There are some experiences so basic and common to all of us that simply bringing them out evokes primal force. One of them is the family get-together, with all of its cross-currents, histories, artifices, tensions, jokes and faithful hugs, however brief, made poignant by the knowledge that we all come from somebody, and most of the somebodies we come from are dead.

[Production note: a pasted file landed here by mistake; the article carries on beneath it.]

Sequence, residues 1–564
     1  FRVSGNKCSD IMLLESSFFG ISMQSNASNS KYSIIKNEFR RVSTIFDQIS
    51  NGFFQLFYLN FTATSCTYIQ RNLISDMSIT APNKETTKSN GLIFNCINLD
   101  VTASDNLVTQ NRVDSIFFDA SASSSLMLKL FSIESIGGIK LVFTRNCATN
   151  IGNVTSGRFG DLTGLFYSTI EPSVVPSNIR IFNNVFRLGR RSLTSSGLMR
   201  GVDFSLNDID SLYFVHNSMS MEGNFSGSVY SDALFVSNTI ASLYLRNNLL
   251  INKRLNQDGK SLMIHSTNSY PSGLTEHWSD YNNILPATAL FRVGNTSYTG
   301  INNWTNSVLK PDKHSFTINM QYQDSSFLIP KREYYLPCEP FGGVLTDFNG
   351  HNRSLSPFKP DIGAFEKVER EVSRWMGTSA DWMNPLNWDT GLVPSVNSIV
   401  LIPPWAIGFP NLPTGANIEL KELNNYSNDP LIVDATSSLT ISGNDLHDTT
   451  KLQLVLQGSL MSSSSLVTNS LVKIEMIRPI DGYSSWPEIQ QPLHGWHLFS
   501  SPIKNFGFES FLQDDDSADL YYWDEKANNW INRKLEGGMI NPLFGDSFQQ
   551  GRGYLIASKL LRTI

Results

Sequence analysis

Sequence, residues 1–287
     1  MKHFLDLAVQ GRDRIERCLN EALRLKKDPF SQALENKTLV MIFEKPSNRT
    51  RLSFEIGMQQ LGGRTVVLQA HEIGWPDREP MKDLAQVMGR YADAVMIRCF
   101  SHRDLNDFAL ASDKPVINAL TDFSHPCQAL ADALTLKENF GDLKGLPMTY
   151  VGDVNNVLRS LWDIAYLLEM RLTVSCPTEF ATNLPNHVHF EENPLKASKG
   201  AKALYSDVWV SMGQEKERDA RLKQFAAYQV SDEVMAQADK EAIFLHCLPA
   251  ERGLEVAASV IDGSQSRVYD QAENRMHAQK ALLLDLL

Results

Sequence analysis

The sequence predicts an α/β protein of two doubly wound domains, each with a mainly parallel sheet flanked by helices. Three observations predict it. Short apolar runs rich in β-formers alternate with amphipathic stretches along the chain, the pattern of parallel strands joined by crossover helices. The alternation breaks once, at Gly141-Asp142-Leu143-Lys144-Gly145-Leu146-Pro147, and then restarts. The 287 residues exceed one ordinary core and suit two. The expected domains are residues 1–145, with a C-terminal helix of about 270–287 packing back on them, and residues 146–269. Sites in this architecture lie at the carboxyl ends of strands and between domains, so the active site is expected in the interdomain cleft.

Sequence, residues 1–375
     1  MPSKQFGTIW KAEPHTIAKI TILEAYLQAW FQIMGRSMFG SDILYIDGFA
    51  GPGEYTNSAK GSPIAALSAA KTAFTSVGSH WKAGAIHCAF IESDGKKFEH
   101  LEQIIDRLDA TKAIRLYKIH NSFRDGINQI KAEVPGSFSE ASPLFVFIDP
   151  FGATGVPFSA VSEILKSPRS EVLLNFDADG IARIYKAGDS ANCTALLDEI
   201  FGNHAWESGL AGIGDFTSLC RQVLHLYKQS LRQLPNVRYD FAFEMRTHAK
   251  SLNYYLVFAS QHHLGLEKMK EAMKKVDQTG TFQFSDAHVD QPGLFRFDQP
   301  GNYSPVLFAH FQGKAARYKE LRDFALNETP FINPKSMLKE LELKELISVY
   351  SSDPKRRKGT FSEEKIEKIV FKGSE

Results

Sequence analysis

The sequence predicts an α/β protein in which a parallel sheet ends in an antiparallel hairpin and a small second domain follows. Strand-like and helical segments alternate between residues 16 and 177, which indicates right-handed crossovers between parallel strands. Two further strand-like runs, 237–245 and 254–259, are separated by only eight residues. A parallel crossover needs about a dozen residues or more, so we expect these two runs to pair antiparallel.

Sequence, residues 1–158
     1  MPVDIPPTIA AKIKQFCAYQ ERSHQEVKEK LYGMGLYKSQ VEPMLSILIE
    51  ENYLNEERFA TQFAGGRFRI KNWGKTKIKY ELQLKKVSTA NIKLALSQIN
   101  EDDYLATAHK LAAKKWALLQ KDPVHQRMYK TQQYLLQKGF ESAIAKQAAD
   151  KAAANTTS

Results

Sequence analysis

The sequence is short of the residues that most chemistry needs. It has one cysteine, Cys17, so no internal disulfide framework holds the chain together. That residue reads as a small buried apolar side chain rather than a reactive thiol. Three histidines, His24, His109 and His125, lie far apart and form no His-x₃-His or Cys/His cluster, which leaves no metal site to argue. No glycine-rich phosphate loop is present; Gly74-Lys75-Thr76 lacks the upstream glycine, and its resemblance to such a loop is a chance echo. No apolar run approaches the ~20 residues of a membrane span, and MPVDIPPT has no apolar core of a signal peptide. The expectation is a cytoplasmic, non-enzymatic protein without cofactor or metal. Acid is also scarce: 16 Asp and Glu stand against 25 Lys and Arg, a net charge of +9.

There are some experiences so basic and common to all of us that simply bringing them out evokes primal force. One of them is the family get-together, with all of its cross-currents, histories, artifices, tensions, jokes and faithful hugs, however brief, made poignant by the knowledge that we all come from somebody, and most of the somebodies we come from are dead.It’s that urgent line, of the light of being alive pressing against the darkness that surrounds us, that carries us through “The Dead” and around some blurred lines and missteps in the Richard Nelson adaptation of James Joyce’s beautiful short story. The setting is the Morkans’ annual Christmas dinner party at their upstairs rooms in Dublin, an event Aunt Julia and Aunt Kate, and their niece Mary Jane, have hosted in sumptuous style for 30 years. Their regulars include nephew Gabriel Conroy and his wife Gretta; Mr. Browne, a dear friend even if he is Protestant; the dependably inebriated Freddy Malins and his long-suffering mother, Mrs. Malins; and the more recent arrivals, the testy nationalist Miss Molly Ivors and the opera singer Bartell D’Arcy. Since it’s 1904, those present do what families everywhere did at the time: They gather around the parlor piano for song and dance. They tell jokes and stories. They reminisce, demur shyly from compliments and share fluttering covert anxieties and brief bitter memories. Gabriel will rise at dinner’s end to make his annual florid speech. The main difference this year is that Julia’s weak spells are more pronounced, and Gretta is held in unusual reveries. For as long as Nelson’s adaptation (Shaun Davey did the music, and both conceived the lyrics) sticks to the pleasures of family and friends entertaining each other, or even in the way loved ones will recall an intimate song, the music seems natural. There are a couple of instances, however, when it just sounds like showbiz, and then the production feels false. Nelson has taken liberties with Joyce’s crystalline prose, which sometimes works, as when Gabriel narrates part of the story, but sometimes is theatrically overinflated — particularly at the end, when Joyce’s language, which itself aspires to music, is plenty lyrical enough and doesn’t need quite the melodic plumping up it gets here. But there are a lot of subtleties in this production (Gabriel is too preoccupied with his speech to notice Gretta’s darkening mood) and one brilliant touch: reconceiving D’Arcy as a countertenor and not a tenor, so that his voice more closely evokes the loving 17-year-old boy in Gretta’s memory. The ensemble generally works well, if sometimes obviously. Marni Nixon as Kate is expert at showing how a female host of a certain age can subtly dominate a table; Stephen Spinella is an endearingly loose-limbed drunken Freddy; and John Kelly sings D’Arcy’s song in just the way a beautifully impromptu moment will stop conversation and touch everyone in a room. Sally Ann Howes’ Julia appeared empty and overstylized on opening night, and there wasn’t much going on inside Faith Prince’s Gretta — not even the emotions Gabriel attributes to her in front of our eyes. Stephen Bogardus’ dignified performance as Gabriel is the more amazing for having survived two elements Nelson took away from Joyce’s portrayal: Gabriel’s unhappy knowledge that he’s given to fatuousness and the deep sensual hunger he feels for Gretta before she turns him away. Bogardus shows us how gentle kindness itself is an act of mortal courage. Few leave the theater unmoved by “The Dead’s” final enveloping image of snow falling over Ireland and the world, over all the living and the dead — an evocation of being alone together.